My father brought me into the living room and directed me to sit on the divan. My 5-year-old body barely caused a dent in the pillowed bench. Excitement beat like a jackhammer along my skin--I was delirious.
"Abra-ca-da-bra." My father intoned the beginning of a chant that would create a toy beneath the cushion.
My 7-year-old brother slithered into the room. "It's fake. Look now. The toy is already there!"
What? Really? My eyes widened, and I started to get up, but my father placed a gentle hand on my shoulder.
"Don't listen to him," my father warned. "If you look, you'll kill the magic."
But like Eve in the Garden, my curiosity had been unleashed by a snake, this time in the shape of my older brother.
I can still see my father's eyes, kind and steady, willing me to remain innocent and rely on his magnificent magical powers to feed my wonder. Countless times his magical chant had created a plastic doll, or a book of rhymes, or a wooden whistle, or some other marvelous prize. When I tried to conjur a toy without his presence, even though I'd repeat his chant, I could create nothing. My father was the Great Magician... Or was he?
Curiosity nipped at the edges of my developing brain. I turned to my brother.
"Do it! Look! He's tricking you!" My brother jumped around like popcorn on a hot skillet.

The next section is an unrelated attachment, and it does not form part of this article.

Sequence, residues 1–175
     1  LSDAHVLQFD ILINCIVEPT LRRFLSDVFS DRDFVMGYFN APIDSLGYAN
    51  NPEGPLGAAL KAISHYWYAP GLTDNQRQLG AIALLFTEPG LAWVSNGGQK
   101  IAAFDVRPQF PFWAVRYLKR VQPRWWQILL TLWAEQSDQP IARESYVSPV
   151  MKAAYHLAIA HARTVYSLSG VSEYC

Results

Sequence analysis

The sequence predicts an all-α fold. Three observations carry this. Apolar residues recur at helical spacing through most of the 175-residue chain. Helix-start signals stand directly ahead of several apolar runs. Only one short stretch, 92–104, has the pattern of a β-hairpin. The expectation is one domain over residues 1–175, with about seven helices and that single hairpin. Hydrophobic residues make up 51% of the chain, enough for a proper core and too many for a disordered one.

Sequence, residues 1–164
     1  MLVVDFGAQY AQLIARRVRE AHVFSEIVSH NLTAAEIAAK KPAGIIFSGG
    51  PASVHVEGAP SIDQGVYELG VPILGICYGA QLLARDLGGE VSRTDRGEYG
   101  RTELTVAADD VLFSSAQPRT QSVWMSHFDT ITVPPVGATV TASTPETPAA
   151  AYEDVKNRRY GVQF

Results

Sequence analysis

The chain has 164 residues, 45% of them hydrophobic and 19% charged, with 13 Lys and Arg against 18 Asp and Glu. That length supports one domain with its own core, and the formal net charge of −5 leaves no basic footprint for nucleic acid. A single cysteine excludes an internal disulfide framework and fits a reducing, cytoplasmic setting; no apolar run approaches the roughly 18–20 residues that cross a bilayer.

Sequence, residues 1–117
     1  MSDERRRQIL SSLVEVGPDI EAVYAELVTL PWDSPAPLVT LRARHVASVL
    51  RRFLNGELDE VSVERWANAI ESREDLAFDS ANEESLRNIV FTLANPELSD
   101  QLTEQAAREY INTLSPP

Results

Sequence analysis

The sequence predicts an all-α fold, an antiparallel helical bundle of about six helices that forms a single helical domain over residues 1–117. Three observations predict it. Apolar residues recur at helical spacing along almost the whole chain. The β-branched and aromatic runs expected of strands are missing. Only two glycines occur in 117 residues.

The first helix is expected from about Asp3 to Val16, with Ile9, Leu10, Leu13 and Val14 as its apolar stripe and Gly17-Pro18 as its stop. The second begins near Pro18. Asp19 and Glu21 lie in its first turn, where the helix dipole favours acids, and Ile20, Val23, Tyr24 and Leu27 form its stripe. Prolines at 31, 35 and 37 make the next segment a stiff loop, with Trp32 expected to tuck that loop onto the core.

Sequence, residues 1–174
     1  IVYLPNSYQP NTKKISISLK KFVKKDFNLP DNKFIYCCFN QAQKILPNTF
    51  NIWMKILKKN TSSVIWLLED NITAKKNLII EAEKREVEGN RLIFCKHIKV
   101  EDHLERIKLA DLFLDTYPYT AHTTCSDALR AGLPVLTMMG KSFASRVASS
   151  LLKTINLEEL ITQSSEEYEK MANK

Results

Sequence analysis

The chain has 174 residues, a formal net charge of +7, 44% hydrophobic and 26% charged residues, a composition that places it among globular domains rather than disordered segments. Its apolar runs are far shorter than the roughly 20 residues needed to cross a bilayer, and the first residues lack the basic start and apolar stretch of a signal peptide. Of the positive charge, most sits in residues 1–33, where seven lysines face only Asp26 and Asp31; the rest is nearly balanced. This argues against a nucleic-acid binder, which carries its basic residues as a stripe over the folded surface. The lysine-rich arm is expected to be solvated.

Time stopped as my eyes danced between my father and my brother.
Curiosity won out over obedience and I jumped up, raised the cushion, and discovered the bright red ball.
"Okay," my father said, resignation tainting his acquiescence.
The full reality of the moment sunk in and I knew two things: I could keep the ball, but the game of magic was over. Forever.
I felt like I imagine Eve felt in the Bible story... so very sorry, and couldn't we just pretend that I'd never looked? But it didn't matter how I felt--the veil of magic had been pierced, and my world was forever changed.
Years later, looking back on this memory, I see a third thing in this experience: Curiosity. I took ownership of this powerful emotion that afternoon. I think it's good that I did because curiosity is what eventually leads us from our comfort zone of safety and onto a path of adventure. Without it, we'd never leave home when it's time to journey into the larger world.
I have to say, truth be told, I'd rather have the driving curiosity I have today than a childlike, childish innocence.